VW Offers $1,000 in Credit Cards to U.S. Owners of Some Cheating Diesels
Volkswagen’s U.S. subsidiary said on Monday it will offer $1,000 worth of credit cards, of which half may be spent at VW and Audi dealerships, to owners of certain diesel models the company has admitted do not comply with government emissions standards. The automaker said eligible U.S. owners of nearly 500,000 VW and Audi models equipped with 2.0 liter TDI diesel engines can apply to receive a $500 prepaid Visa card and a $500 dealership card, as well as three years of free roadside assistance services. The program could cost VW nearly $500 million, half of which could flow directly to dealers. Story in Reuters.
Senators Demand Protection for Prisoners over Debit Card Fees
The Consumer Financial Protection Bureau is facing pressure to regulate a debit card program for released prisoners. A group of 18 senators wrote a letter to the CFPB about the high fees on these debit cards that all released prisoners receive. When prisoners are released, many of them have accumulated money from work they did in the prison or funds that friends and family members have sent them while they served time. This money is released in the form of a prepaid debit card rather than cash or check. The prisons say they do this as a matter of convenience, saving them from having to issue cash or write checks. Nevertheless, government officials are fighting to reduce the fees on the cards to help ex-prisoners secure as much of their money as possible. The problem is that the debit card programs aren’t designed to benefit the prisoners. Rather, some prisons and jails choose a card provider based on the commission they are offered, even if that means higher fees for the inmate. The fees vary from one issuer to the next, but one report showed an average ATM withdrawal fee of $3 and a transfer fee as high as $30. Story by Bill Hardekopf for LowCards.com.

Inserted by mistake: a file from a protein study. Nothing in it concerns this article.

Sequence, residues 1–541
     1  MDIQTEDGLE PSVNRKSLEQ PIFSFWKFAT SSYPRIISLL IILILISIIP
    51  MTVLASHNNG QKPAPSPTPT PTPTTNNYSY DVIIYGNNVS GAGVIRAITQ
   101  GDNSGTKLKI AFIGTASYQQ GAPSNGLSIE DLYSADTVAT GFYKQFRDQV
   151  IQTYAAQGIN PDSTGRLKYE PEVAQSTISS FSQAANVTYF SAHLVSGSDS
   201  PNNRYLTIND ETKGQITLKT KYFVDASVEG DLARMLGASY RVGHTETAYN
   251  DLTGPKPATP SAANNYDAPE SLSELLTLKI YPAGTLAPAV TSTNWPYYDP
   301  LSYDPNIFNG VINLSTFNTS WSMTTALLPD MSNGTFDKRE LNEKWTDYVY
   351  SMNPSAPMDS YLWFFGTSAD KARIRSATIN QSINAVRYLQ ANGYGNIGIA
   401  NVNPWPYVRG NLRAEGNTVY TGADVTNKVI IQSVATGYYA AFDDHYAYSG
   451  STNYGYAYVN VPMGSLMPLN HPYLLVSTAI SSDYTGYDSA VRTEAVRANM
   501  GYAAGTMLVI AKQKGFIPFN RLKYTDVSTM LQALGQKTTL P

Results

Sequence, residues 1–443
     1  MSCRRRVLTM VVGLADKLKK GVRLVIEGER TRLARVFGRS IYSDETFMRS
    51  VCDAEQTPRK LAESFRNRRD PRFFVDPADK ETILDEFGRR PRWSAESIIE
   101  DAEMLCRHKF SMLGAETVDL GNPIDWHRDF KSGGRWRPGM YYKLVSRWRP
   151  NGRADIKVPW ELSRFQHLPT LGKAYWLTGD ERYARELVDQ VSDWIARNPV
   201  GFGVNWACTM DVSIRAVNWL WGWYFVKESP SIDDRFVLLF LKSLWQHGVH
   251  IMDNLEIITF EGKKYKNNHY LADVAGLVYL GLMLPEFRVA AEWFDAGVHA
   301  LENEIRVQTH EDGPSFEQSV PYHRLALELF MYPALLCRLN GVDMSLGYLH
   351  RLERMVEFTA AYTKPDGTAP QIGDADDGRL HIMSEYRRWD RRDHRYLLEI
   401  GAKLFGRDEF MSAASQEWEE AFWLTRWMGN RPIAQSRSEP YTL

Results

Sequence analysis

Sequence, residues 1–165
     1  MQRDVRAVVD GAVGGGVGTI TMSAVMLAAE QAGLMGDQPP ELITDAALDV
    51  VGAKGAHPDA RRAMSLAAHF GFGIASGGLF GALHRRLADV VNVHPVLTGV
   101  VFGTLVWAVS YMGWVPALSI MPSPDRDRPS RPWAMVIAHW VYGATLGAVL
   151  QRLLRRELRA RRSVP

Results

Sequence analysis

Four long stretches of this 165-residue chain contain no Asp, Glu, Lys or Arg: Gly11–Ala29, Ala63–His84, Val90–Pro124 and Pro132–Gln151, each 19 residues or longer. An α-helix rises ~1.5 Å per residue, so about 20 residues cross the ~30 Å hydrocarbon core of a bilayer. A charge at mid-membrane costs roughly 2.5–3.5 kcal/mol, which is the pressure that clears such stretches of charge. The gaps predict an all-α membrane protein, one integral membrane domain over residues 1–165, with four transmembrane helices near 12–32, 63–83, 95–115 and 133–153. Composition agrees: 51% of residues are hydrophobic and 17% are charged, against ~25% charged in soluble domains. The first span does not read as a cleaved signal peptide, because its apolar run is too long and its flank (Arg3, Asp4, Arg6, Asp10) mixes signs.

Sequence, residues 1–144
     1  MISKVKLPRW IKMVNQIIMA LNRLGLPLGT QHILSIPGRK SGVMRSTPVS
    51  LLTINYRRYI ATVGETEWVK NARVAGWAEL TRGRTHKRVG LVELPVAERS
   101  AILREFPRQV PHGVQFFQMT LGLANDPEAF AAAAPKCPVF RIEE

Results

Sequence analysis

Uber is Trying to Lure New Drivers by Offering Bank Accounts
One of the biggest challenges Uber faces as it aggressively expands and fends off competitors is attracting-and then retaining-drivers. As part of those efforts, the ride-share startup is planning to offer banking services to drivers, according to people who work closely with financial institutions and Uber, as well as documents reviewed by Quartz. The plan, which is in its early stages, would allow drivers to easily register for a bank account or prepaid card when signing up to work for Uber, according to the documents. By doing so, drivers can get paid the same day they work, compared to weekly now. Uber has reached out to potential partners to handle the banking itself, people familiar with the matter say. These people requested anonymity due to the sensitive nature of the project and ties to Uber. Story by Ian Kar for Quartz.
While Mobile Banking Grows, Branches Drive Business
While mobile and online banking continue to increase, brick-and-mortar branches drive referrals and customer satisfaction, according to a study based on a poll of 3,800 bank customers. Market Force Information found that 72 percent of customers whose bank offers a mobile app have downloaded it, up from 7 percent in 2014. Not so for digital wallets–such as PayPal Mobile or Apple Passbook. More than half surveyed say they don’t know what it is, and only 12 percent are using them. However, the vast majority of customers still retain retail bank accounts and visit branches. Sixty-three percent said use a traditional retail bank as their primary provider, while 29 precedent use a credit union, community bank or microfinance bank. Only 3 percent primarily use an e-bank. Story by Greg Edwards for the St. Louis Business Journal.
LowCards.com Weekly Credit Card Rate Report
Based on the 1,000+ cards in the LowCards.com Complete Credit Card Index, the average advertised APR for credit cards is 14.62 percent, slightly higher than last week’s average of 14.58 percent. Six months ago, the average was 14.50 percent. One year ago, the average was 14.50 percent.